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Substitute mozzarella and basil and it is nearly a caprese sandwich.

Today, recipes abound for making homemade tomato paste, but given the time, patience and number of tomatoes required, most would likely prefer to just buy it canned or in a tube.

Either way, this is just one way that our ancestors stretched summer's bounty into an all-year affair, and we use it in almost everything.

Easy Chicken Tikka Masala

Amounts inspired by foodnetwork.com recipe

  • 2 tablespoons curry powder
  • 2 tablespoons neutral oil
  • 1 pound boneless chicken, cubed
  • 3 tablespoons butter
  • 6 cloves garlic
  • 3 tablespoons ginger paste
  • 2 jalapeno or Serrano peppers (remove seeds for a more mild flavor)
  • 1/2 onion, cut in half again, sliced thin and separated
  • 2 tablespoons tomato paste
  • 1 teaspoon garam masala
  • 2 teaspoons paprika
  • 15-20 ounces crushed tomatoes or pureed tomatoes
  • 1 teaspoon kosher salt
  • 1-2 cups water
  • 1-2 tablespoons oil
  • 1 cup plain yogurt

Toss your chicken in the curry powder, then fry it in a saucepan with 2 tablespoons of oil over medium high heat. Stirring regularly to keep the curry from burning. Once browned on all sides and mostly cooked throughout, add the ginger, garlic, peppers and onions and stir until the onions begin to soften. Add the tomato paste and cook until it gets very dark.
Next, mix in the garam masala and paprika and saute approximately 1 minute before adding the remaining ingredients, except the yogurt.

Stir well until completely combined. Allow to cook down to a thick gravy consistency. Mix the yogurt in just before serving. It is best served with warm naan bread or white rice.

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A fluffy combination of sandwich and dinner roll you'll be sure to fall for.
The many monikers of a sandwich we are all familiar with.
It's hard to put a finger on what some ingredients do for our food.
The sinister story behind an early American fad diet.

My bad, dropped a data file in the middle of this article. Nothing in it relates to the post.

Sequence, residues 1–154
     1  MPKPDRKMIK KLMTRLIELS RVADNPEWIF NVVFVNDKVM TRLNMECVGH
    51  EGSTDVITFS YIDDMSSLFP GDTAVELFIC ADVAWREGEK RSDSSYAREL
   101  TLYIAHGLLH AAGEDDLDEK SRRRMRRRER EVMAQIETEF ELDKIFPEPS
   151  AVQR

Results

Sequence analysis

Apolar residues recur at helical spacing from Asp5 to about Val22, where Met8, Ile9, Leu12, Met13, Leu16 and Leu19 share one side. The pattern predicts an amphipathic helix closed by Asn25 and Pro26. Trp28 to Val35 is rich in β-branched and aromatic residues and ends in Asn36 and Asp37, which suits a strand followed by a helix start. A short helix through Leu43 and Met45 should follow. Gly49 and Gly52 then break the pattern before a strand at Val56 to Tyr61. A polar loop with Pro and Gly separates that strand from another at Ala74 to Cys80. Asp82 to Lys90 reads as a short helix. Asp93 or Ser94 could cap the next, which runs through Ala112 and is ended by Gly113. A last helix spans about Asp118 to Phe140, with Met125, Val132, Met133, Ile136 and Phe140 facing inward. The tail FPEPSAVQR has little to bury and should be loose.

Pasta Puttanesca

  • 2 tablespoons extra virgin olive oil
  • 1/2 cup finely chopped onion
  • 3 cloves garlic, finely chopped
  • 3-4 canned anchovies, chopped
  • 2 tablespoons tomato paste
  • 1/2 teaspoon red pepper flakes
  • 1 28-ounce can crushed tomatoes
  • 2 teaspoons dried oregano
  • 2 tablespoons capers (rinsed)
  • 3/4 cup pitted green olives, halved or roughly chopped
  • Spaghetti noodles for two

Cook your noodles in a pot of water next to your frying pan.
Heat a frying pan over medium heat and add olive oil for frying. When hot, cook your onions until they are translucent, then stir in the chopped anchovies with some oil from the can. Stir these anchovies as they fry. They should break up in the oil. If they do not, the sauce might suffer due to poor texture and overwhelming fishiness.

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Add the chopped garlic and cook another minute before mixing in the tomato paste. Cook until it darkens slightly, then add the crushed tomatoes, oregano, chili pepper flakes, olives and capers. Bring to a simmer and turn the heat to low. Allow to simmer 10-15 minutes.

When cooked throughout, add a couple spoonfuls of pasta water to the sauce before using tongs to lift the pasta noodles directly into the sauce. Stir to coat and serve on two plates.

Travis Grimler is a staff writer for the Pineandlakes Echo Journal weekly newspaper in Pequot Lakes/Pine River. He may be reached at 218-855-5853 or travis.grimler@pineandlakes.com.

Travis Grimler began work at the Echo Journal Jan. 2 of 2013 while the publication was still split in two as the Pine River Journal and Lake Country Echo. He is a full time reporter/photographer/videographer for the paper and operates primarily out of the northern stretch of the coverage area (Hackensack to Jenkins).